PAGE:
d) Power potential. How much power do you want? Generally speaking, power levels start at around 200 HP and go up to 500 HP.
e) Cost. Because of its extreme popularity, mass production of aftermarket parts has kept the cost way down for Chevrolet parts.
f) With the oil pick-up/oil sump located at the rear, there are seldom any problems with chassis or crossmember clearance.

a) Weight. For use in a small sports car, weight is a real disadvantage with the Chevy small block. Even using aluminum heads, the weight is well over 500 pounds in ready-to-run condition.
b) Rear mounted distributor. In some cases, this is an advantage, but in many cases special provisions have to be made to make room for the distributor. Access for adjusting the distributor (point dwell and timing) can be a problem.


In this chart, length is from the bellhousing mounting surface to the front of the water pump pulley, height is from the bottom of the pan to the top of the air cleaner, and width is at the widest point of the engine, including the stock exhaust manifolds. The data supplied by Street Rodder magazine show the Ford engine to be taller than the other two, but most other sources I've seen describe the Chevy engine as taller than the Ford. My own measurements on the Buick V6 (basically the same design as the 215 V8, less two cylinders) indicate that the BOP/R V8 is also taller than the Ford.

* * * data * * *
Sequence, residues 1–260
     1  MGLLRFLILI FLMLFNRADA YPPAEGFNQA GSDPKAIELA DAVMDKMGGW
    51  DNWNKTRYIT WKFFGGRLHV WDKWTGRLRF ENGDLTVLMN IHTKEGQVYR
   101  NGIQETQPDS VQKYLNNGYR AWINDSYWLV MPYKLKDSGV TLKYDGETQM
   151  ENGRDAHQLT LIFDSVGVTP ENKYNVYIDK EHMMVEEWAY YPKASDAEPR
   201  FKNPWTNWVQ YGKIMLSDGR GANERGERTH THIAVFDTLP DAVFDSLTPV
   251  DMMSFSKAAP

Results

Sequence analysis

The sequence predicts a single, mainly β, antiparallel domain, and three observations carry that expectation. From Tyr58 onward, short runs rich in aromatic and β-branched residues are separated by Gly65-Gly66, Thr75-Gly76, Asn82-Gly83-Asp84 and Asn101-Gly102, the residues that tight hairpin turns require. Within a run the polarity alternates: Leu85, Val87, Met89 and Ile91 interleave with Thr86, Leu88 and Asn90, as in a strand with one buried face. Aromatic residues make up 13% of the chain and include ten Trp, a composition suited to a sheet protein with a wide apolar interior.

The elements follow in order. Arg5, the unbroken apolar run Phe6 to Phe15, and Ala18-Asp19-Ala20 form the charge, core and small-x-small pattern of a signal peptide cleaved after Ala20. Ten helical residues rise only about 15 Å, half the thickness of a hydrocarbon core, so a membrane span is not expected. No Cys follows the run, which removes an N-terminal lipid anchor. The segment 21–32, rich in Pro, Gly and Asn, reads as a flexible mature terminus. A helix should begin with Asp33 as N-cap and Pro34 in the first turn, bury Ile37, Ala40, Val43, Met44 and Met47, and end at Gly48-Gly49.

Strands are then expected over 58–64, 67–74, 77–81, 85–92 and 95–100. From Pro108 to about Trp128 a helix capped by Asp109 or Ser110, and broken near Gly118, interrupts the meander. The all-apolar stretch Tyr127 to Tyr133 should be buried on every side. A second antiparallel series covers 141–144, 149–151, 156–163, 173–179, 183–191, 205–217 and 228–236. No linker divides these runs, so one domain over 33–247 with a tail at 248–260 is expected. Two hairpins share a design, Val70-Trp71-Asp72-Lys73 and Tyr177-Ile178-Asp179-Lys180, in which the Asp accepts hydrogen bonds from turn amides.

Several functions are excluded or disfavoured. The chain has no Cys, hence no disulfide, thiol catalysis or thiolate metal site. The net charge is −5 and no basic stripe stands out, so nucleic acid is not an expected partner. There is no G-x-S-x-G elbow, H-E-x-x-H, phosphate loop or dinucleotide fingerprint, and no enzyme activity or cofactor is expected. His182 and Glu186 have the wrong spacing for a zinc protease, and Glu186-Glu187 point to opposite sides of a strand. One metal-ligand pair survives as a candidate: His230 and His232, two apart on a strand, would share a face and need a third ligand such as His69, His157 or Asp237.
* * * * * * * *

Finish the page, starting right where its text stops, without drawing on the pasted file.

Width Length Height Weight
BOP/R 26 28 27 320
Ford 24 29 27.5 460
Chevy 26 28 27 575
Chevy/w alum heads 26 28 27 525
Ford/w alum heads 24 29 27 424
TR6 22 29.5 25 460
Buick V6 26 28 29 412?
The first three entries came from a recent issue of "Street Rodder" magazine, and are reasonably accurate, except for the weights. Without knowing precisely what ancillaries are included, a real comparison can't be made for weights. Length can vary tremendously by the choice of water pump and pulleys, and height will depend on the intake set-up. The fourth entry was obtained by subtracting the weight savings of aluminum heads from the third entry. The last three entries came from my own measurements, and are very precise. The weights given include everything required to make the engine work - starter, alternator, flywheel, clutch, intake, carburetors, exhaust, distributor - everything except oil and water! In this trim, the weight for the Ford in entry two becomes 519 pounds, from actual measurement! The BOP/R and Chevy weights will most likely go up a similar amount in the same trim.